The following letter was written by State Rep. John T. Shaban , a Republican who represents Easton, Redding and Weston.
Gov. Dannel Malloy last week paved the way for small daycare providers and personal care attendants to collectively bargain with the state?a move that could benefit unions at the expense of taxpayers, families and elderly residents who need these services, state Rep. John Shaban said Friday.
The governor Wednesday bypassed House and Senate lawmakers by signing executive orders to form two panels charged with creating a method to unionize small daycare providers and personal care attendants, seemingly ignoring the legislature's bipartisan decision to shelve similar proposals. The orders also allow daycare workers and personal care assistants to choose a "majority representative," or a union, to represent them in nonbinding discussions with the state over issues such as compensation, training and professional development. Once chosen, unions can begin collecting voluntary dues to grow their coffers.
Shaban, who serves on the legislature's Finance Committee, noted that during the last legislative session, lawmakers saw elderly and disabled residents?the employers of personal care attendants?testify against the push to give their aides collective bargaining rights.
"Folks were concerned that increased wages, for one, could lead to fewer hours of service, which would then make independent living more difficult," Shaban said.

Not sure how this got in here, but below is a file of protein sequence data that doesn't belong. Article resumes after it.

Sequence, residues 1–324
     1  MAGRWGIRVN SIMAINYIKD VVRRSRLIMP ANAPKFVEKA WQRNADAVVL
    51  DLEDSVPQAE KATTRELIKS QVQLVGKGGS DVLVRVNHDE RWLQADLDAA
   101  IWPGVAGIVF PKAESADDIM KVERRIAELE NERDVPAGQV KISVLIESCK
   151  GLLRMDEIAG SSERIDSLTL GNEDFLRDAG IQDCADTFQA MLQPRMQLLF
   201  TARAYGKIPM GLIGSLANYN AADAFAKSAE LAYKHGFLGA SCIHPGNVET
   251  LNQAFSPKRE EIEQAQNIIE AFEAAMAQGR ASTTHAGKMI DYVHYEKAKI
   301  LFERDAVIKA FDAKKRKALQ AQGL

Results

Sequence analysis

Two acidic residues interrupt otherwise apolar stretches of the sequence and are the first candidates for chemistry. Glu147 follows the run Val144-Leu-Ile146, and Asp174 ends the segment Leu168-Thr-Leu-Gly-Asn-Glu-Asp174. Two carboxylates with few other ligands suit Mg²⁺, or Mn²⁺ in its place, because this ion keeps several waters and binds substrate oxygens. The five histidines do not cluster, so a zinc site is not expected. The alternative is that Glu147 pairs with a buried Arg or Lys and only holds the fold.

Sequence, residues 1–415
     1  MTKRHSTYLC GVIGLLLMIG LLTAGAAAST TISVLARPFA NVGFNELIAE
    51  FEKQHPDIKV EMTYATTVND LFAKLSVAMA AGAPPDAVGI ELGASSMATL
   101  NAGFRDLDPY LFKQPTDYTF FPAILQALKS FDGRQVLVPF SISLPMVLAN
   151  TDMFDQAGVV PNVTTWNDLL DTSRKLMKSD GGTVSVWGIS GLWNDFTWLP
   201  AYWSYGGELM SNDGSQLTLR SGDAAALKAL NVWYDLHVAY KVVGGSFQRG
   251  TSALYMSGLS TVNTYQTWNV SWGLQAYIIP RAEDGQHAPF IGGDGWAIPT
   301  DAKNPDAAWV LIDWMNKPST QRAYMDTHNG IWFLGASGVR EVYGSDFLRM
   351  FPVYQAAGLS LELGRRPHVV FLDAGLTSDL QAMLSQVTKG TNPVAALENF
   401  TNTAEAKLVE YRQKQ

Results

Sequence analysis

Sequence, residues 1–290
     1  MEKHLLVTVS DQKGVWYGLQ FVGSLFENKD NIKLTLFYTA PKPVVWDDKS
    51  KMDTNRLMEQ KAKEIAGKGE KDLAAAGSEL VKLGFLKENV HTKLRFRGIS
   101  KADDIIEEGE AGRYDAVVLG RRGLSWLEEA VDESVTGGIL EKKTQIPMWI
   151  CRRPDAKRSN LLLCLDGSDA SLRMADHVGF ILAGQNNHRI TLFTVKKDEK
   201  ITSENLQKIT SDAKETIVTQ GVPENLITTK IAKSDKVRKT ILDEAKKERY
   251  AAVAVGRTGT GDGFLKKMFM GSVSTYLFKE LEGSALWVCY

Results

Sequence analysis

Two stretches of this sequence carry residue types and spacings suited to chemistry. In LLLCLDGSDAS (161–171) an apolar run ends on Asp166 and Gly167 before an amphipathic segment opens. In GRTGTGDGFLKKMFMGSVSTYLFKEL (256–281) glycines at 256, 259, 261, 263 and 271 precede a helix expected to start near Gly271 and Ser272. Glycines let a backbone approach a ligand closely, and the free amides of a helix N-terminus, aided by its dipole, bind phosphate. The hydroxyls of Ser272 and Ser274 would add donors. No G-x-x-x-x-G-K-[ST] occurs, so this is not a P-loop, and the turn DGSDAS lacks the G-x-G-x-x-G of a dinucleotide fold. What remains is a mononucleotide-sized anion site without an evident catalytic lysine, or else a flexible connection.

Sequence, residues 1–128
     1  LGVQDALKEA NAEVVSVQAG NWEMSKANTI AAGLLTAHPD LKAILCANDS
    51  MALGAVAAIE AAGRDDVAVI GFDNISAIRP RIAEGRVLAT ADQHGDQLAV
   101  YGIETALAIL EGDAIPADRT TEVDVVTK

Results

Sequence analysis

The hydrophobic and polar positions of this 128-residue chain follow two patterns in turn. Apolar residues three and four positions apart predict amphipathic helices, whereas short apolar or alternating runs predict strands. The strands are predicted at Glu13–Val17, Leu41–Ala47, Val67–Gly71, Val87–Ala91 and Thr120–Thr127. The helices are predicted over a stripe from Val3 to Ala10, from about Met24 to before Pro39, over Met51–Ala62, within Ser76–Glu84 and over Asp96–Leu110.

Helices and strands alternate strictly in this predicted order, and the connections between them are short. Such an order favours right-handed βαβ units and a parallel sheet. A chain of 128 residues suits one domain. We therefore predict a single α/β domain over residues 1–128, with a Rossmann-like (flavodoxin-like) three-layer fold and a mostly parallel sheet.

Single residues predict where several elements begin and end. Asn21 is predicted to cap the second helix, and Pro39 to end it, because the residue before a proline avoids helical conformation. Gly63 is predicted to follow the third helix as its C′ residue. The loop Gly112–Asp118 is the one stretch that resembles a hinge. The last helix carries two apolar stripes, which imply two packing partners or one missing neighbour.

Malloy's childcare order applies to providers who accept subsidies through the state's Care 4 Kids program?specifically, family daycare providers with six or fewer children. It also applies to unlicensed, informal daycare workers. "Despite the legislature tabling the effort," Shaban said, "the governor's goal appears to be securing increased or wages and benefits for these workers, all at the expense of the state taxpayer."
Shaban, among others, is concerned that the orders could also be a backdoor move to enable the state to grab a larger role in daycare coverage, policies and curricula, which could in turn effect and compete with private daycare centers.
"On the threshold of our 'jobs' special session," Shaban said, "I don't like seeing the state?or more specifically, the governor?take unilateral action that might again drive up costs for private employers."
Both panels created by Malloy's executive orders must report their findings regarding unionization to the governor before the start of the legislative session in February.
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